Notre Dame and Climate Change

As most of you probably know, last week part the Notre Dame Cathedral in Paris, France caught on fire and suffered major damages as a result. In the wake of this unfortunate event, the richest members of our global society (and many others) have demonstrated just how generous they can be when they care about something: over 1 billion dollars have been donated so far to repair the damages that the fire caused. I couldn’t believe my roommate when he told me that one French billionaire donated over 200 million US dollars to this cause. I do not know how much it takes to repair a cathedral in our modern era, but I certainly would have guessed the cost to be much less than 200 million US dollars, let alone the billion that’s been raised. What’s more is that this money has been donated to an institution that can most likely already afford to repair the damages on its own, although I cannot say this for sure as I’m not that familiar with the Church’s financial status.

Notre Dame Cathedral Fire, April 15, 2019.

When I thought about all that was going on with the fire and its aftermath, I felt inclined to connect it to the topic of time. The way in which I connected time to the Notre Dame Cathedral is different from the way in which Kavita connected the two matters in her blog post, “The Consequences of the Notre Dame Fire.” I find it interesting that we both wrote about at the same event yet came up with completely different ways of connecting it to the topic of time.

When I first read this article about the fire, I was shocked to learn that the Notre Dame Cathedral had been built over 850 years ago. It is fascinating how a building could live through 850 years of our tumultuous world yet a fire ultimately altered it forever in a matter of hours (15 as Kavita mentioned in her post). In light of this, I started to connect the age of the Cathedral to the age of our planet. What inspired me to make that connection was a post I saw on twitter which pointed out all of the other causes that people could have donated to, but instead donated to the reparation costs of the cathedral. One of the causes mentioned in the post was climate change and cleaning up our planet.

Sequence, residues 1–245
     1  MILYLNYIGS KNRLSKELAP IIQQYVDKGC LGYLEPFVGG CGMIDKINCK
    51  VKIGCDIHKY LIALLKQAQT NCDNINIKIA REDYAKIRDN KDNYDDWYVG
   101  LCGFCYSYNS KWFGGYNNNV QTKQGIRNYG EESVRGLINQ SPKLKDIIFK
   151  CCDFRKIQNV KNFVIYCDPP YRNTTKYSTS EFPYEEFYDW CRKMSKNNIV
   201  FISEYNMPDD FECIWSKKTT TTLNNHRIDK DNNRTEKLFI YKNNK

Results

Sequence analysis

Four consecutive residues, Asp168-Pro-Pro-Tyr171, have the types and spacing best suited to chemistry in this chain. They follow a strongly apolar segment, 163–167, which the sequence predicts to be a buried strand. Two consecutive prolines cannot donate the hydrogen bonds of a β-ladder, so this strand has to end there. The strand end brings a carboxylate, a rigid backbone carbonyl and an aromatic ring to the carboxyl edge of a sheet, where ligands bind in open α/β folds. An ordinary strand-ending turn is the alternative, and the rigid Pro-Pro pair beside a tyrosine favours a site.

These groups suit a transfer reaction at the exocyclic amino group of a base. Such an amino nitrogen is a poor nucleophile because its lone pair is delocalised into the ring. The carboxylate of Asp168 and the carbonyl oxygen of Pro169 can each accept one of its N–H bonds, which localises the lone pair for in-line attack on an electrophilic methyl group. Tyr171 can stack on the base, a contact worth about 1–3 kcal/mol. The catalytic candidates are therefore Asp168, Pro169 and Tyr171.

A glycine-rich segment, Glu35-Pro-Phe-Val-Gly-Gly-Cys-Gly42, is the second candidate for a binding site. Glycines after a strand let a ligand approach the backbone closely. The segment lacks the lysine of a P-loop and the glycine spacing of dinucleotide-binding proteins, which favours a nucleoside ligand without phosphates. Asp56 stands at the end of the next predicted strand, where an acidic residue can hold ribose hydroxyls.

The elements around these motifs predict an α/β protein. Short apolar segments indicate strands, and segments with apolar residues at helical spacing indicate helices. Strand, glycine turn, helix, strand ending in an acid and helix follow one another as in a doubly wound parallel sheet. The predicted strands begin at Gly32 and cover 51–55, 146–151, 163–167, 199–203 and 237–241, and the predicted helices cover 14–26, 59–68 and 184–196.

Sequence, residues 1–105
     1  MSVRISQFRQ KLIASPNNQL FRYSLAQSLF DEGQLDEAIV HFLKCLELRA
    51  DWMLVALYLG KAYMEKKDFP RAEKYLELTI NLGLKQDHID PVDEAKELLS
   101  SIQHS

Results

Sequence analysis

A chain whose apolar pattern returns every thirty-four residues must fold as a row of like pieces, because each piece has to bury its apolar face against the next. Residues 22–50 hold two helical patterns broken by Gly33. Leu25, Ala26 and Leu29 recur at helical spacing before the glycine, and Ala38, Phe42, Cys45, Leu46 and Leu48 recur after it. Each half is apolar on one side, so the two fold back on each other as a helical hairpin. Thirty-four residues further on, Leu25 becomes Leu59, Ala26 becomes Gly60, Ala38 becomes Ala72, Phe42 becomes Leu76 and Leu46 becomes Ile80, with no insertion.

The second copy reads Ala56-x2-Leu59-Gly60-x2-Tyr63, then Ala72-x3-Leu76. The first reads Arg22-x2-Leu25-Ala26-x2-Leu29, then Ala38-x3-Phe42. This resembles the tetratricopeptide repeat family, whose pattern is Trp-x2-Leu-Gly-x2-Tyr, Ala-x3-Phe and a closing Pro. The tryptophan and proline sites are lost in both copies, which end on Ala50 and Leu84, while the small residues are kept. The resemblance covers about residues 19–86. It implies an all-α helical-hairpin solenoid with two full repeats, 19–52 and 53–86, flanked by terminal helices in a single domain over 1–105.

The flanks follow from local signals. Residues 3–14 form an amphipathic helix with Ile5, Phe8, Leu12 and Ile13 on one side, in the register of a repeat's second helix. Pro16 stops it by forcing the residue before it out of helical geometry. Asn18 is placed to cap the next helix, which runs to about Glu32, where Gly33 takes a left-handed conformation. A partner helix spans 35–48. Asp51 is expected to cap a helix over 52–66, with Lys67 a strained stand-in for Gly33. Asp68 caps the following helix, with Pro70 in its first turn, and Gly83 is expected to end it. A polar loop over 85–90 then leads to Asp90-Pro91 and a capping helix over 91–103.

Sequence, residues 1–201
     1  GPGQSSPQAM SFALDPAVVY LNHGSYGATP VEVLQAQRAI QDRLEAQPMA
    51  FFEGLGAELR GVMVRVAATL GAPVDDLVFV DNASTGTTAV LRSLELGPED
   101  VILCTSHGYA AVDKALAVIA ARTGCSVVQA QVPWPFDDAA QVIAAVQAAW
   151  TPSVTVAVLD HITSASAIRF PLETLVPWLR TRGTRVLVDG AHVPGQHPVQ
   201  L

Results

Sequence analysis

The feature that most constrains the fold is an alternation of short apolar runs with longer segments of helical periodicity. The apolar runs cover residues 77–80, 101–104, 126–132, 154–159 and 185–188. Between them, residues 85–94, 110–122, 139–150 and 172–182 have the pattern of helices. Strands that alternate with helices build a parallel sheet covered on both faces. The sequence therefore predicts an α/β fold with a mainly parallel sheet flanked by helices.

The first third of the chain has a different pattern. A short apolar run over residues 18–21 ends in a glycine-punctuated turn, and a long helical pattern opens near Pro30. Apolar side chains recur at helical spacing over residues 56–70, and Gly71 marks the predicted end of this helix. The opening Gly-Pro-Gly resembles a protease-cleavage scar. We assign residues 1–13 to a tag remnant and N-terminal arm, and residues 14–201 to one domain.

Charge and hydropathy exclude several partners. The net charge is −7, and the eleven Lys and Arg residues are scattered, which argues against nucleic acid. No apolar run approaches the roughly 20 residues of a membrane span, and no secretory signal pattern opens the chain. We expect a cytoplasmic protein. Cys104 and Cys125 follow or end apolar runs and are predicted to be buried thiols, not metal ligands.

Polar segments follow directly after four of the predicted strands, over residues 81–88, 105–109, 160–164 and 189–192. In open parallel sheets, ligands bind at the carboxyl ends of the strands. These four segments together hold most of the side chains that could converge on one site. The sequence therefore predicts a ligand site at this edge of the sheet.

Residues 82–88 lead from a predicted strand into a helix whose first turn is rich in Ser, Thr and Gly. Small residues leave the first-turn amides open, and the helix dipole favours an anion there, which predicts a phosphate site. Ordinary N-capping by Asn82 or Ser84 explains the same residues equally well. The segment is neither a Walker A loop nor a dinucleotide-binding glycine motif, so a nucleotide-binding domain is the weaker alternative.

Deforestation in Kalimantan, Indonesia

I remember reading not too long ago that scientists have begun to assert that all of us humans only have about 11 years to change the terrifying trajectory of our planet before the damage is irreparable. To me, this is a terrifying finding. Perhaps if the richest members of our society would look at the earth in the same way they looked at stained glass windows, they would be more inclined to donate to combating climate change. I imagine what saddens many people about the Notre Dame Cathedral fire is the age of the building and the loss of so much history. While I am in the same boat as these people, I am also just as saddened by the loss of our rainforests, biodiversity, and other natural environments that have been on earth for millennia. In spite of these losses, there’s a clear lack of sufficient action being taken to prevent the destruction of these beautiful parts of our natural environment.

I believe that part of the reason why people seem to be less distraught over the destruction of our natural environment than they are with the destruction of a manmade building has to do with time. If all of the deforestation, coral bleaching, species loss, etc, that has happened in the past 50 years instead happened in the matter of hours, I imagine that people would be much more distraught than they currently are. This is not to say that plenty of people do not already donate to helping our natural environment, because I know many do. As a matter of fact, in the time after I wrote this post, I read that a Swiss billionaire pledged 1 billion US dollars towards combating climate change. Hopefully, more people will start to consider the age of our planet and the fact that at some point no amount of money will be able to turn back time and repair the damage that’s being done to it.